A small group of island residents, concerned about the possibility of the Deepwater Horizon oil spill reaching Sanibel and Captiva, are attempting the use the power of positive thinking as a means of protecting our local shores from disaster.
Last Friday evening, the group met for a 10-minute period of meditation on Algiers Beach. Annie Nachtsheim, who led the vigil, read a one-page statement softly as the five participants sat on the sand with eyes closed, listening to the sounds of the Gulf waves wash along the unspoiled shoreline.
"Animals are dying, plants are dying and Mother Earth is writing in agony," her message read, in part. "We have been lulled into a false sleep by being told that others are taking care of this problem. This is not so."
The idea to conduct a peaceful gathering of locals was born through word of mouth among several islanders, who conceived of the idea to get together in an informal manner at one of Sanibel's beaches. With no other proactive oil-related events happening on the island as of last week, these friends decided to take action for themselves.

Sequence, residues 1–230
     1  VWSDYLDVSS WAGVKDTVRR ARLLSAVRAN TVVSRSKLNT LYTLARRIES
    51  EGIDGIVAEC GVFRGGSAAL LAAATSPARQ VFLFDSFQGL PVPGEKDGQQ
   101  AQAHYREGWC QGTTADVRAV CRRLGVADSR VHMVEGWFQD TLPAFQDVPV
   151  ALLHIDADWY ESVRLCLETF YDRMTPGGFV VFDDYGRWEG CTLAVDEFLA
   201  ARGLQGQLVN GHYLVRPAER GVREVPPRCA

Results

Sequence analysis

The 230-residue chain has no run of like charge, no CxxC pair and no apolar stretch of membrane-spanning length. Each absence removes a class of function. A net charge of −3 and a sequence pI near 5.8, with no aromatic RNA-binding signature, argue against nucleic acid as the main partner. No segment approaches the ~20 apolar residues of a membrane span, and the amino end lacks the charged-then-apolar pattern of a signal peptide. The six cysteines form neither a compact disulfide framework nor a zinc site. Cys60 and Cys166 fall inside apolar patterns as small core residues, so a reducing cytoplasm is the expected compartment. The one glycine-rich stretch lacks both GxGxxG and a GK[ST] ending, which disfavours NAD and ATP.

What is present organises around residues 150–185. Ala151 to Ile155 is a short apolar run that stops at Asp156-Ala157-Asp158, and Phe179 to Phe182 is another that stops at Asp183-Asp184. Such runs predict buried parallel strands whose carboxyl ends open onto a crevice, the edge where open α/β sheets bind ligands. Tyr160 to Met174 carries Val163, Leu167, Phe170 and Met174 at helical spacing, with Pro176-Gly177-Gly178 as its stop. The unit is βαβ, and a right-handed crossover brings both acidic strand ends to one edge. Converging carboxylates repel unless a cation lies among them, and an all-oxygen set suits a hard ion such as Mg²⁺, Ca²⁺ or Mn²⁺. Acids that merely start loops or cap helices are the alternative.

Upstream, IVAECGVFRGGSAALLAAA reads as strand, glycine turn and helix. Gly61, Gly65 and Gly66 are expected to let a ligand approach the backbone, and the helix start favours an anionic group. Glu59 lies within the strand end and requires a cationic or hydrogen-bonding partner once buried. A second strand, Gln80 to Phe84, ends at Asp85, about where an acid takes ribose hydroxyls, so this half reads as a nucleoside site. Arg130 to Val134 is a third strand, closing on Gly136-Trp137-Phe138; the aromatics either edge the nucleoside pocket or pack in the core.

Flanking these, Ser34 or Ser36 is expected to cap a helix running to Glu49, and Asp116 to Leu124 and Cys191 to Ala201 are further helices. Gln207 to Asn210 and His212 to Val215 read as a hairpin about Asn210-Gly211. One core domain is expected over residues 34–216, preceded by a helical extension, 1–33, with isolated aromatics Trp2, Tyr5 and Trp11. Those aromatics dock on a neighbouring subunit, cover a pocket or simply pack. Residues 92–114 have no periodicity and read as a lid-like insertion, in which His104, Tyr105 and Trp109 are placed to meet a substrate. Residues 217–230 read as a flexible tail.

Facing west — "in the direction of the oil" — the group sat in a semicircle during the vigil, listening to Nachtsheim's plea.
"Let the love within your heart keep pouring in to the Net of Light, and hold it tight," she continued. "Calmly and diligently watch as the light from your heart flows along the strands of the Net. It will follow your command and continuously move forward. As soon as you think of it, it will happen."
According to Nachtsheim, the group will gather every Friday evening at the same location, as long as there is interest in islanders to join them in meditative prayer. There is no cost to attend the meeting and all are welcome.
Posed in a moment of collective harmony are, from left, Henry and Annie Nachtsheim, Mary Bauer and Ruth and Bob Mayer.
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Friday, June 18
Gulfside City Park